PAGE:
Madras. Magd: Coll: has just purchased the little life-hold estate on the Plestor, in reversion after two lives, intending hereafter to make it glebe to the vicarage. Tell y' Mother I thank her for her gift, which will be very acceptable to the poor and y' Father, that I should be glad to see his account of rain, frost, &c. I advise y' Father and Bro' to read St John Cullun's History of Hawsted, the parish where he is Rector. Mrs. J. White joins in respects.

Y' loving Uncle, GIL: WHITE.

Mr. Yalden, poor man, is in a bad state of health, and is gone to town for advice. Ch: Etty's new ship is named the Duke of Montrose, Cap: Elphinstone: all the officers are Scotch except Ch I have met with Will: Bercarius, which name signifies shepherd: hence the modern name of Barker. Men are cutting the beeches at the top of the hill; but not those on the hanger this year. We shall lose the beautiful fringe that graces the outline of our prospect that way: but shall gain 60 feet of Horizon. Jupiter wests so fast that at sun-set he is not much above these trees. Snow covers the ground.

(TO THOMAS BARKER, ESQ.)

Selborne, Jan 1st: 1791.

DEAR SIR,

Jan:

199

49

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438

As the year 1790 is just at an end, I send you the rain of that period, which, I trust, has been regularly measured. Nov. and Dec. as you RAIN IN 1790. see, were very wet, with many storms, that in various places had occasioned much damage. The fall of rain from Nov. 19 to the 22, inclusive, was prodigious! The thunder storm on Dec. 23 in the morning before day was very aweful: but, I thank God, it did not do us any the least harm. Two millers, in a wind-mill on the Sussex downs near Good-wood, were struck dead by lightning that morning; and part of the gibbet on Hind-head, on which two murderers were suspended, was beaten down. I am not sure that I was awaked soon enough to hear the whole storm: between the flashes that I saw and the thunder, I counted from 10 to 14 seconds.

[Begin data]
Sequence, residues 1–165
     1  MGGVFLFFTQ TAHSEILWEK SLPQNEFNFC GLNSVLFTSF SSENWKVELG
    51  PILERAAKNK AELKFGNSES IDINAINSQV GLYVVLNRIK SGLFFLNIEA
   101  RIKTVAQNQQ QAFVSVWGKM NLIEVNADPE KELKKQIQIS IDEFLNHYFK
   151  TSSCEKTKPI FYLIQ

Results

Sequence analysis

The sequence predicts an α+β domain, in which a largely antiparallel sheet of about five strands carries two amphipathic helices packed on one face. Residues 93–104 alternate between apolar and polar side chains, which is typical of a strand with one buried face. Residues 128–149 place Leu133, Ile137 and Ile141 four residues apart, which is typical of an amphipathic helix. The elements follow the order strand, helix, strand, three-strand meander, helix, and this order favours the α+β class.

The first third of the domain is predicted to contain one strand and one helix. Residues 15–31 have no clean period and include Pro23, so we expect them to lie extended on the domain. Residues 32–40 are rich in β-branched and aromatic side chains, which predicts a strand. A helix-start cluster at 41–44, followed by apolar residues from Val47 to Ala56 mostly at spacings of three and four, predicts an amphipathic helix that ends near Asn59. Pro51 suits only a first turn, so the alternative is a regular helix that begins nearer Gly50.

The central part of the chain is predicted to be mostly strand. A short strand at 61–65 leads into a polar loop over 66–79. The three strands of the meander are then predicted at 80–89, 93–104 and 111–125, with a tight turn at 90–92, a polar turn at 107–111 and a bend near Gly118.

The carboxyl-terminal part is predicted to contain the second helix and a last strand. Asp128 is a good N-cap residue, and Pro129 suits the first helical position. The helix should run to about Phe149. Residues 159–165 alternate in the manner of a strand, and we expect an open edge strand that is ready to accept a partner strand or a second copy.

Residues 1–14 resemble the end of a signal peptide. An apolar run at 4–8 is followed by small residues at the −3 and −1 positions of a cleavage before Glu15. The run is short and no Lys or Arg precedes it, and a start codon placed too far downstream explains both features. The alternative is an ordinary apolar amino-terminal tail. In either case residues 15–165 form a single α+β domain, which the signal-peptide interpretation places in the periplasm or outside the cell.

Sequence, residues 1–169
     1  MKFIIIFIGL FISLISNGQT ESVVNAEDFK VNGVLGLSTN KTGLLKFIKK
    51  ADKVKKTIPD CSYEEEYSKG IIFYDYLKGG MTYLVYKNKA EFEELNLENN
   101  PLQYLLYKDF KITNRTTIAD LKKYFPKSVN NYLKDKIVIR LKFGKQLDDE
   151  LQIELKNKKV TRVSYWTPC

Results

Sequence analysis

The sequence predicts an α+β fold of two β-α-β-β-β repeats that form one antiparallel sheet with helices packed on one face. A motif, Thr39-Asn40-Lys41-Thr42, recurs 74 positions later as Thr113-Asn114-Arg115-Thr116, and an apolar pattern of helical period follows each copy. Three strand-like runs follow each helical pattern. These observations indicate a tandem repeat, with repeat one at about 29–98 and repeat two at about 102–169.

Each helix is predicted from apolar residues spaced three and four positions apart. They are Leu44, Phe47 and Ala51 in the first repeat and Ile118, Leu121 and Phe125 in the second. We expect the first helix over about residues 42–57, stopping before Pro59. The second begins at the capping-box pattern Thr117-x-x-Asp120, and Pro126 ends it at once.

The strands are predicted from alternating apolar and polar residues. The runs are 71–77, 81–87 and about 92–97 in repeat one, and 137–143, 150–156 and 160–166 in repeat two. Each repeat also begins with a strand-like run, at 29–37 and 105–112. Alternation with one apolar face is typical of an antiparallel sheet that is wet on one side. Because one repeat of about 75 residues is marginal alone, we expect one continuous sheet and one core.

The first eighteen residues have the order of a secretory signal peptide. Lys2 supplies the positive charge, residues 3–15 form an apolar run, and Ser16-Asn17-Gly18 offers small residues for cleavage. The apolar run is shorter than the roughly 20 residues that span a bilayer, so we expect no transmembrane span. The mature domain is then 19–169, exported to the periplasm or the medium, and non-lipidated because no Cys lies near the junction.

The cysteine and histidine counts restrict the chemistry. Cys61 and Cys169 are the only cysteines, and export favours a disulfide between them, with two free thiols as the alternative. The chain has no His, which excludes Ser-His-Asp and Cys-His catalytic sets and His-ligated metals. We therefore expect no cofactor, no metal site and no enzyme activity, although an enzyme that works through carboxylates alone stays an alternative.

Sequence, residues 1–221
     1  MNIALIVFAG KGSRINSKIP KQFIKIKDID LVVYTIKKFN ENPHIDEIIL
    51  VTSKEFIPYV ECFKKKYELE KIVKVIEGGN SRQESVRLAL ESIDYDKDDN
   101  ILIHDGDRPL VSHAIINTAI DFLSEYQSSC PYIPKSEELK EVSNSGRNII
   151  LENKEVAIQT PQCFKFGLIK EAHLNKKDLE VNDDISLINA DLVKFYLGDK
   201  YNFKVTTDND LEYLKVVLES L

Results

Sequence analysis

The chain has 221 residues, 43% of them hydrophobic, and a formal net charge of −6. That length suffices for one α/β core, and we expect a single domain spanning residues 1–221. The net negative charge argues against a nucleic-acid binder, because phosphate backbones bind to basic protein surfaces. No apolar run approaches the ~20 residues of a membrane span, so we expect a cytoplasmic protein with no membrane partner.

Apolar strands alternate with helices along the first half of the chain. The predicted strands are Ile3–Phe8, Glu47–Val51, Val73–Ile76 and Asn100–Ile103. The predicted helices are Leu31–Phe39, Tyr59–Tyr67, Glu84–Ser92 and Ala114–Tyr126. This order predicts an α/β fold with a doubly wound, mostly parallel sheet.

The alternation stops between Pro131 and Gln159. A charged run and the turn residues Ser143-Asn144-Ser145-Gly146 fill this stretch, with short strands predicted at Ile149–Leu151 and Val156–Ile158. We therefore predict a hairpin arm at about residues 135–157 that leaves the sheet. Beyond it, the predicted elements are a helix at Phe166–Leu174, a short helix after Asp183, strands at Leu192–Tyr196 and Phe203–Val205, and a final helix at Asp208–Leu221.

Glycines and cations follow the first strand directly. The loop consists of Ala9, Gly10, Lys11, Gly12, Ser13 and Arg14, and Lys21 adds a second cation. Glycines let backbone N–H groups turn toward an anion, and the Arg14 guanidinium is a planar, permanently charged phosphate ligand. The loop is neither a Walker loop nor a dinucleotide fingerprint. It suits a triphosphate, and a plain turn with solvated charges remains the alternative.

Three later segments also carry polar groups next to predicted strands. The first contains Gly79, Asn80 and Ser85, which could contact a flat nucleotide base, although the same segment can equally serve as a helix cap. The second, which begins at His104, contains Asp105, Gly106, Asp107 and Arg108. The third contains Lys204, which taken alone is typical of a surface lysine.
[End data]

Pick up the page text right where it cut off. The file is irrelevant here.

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In consequence of my Nat. Hist. I continue to receive various letters from various parts; and in particular from a Mr. Marsham of Stratton near Norwich, an aged Gent: who has published in the R. S. respecting the growth of trees. Do you know any thing about this person? He is an agreeable corre spondent. He is such an admirer of oaks, that he has been twice to see the great oak in the Holt.

Dr. Chander, and family, who came at first only with an intent to stay with us a few months; have now taken the vicarage house for some time. The Dr. is much busied in writing the life of his founder, William Wainflete: he lives a very studious and domestic life, keeps no horse, and visits few people. We have just received the agreeable news that Mrs. Clement was safely delivered, last Wednesday, of a boy, her 8th child, which are all living. Mr. Churton, who is keeping his Xmas with us as usual, desires his best respects, and many thanks for the hospitable reception and intelligent information which he met. with last summer at Lyndon. He is a good antiquary, and much employed in writing the life of Doctor Will. Smith, the founder of Brazenose Coll, of which he is now the senior fellow.

Y' leg, we hope, is recovered from its accident. Mrs. J. White joins in affectionate compliments, and the good wishes of the season. I conclude

Y' most humble servant,
G. WHITE.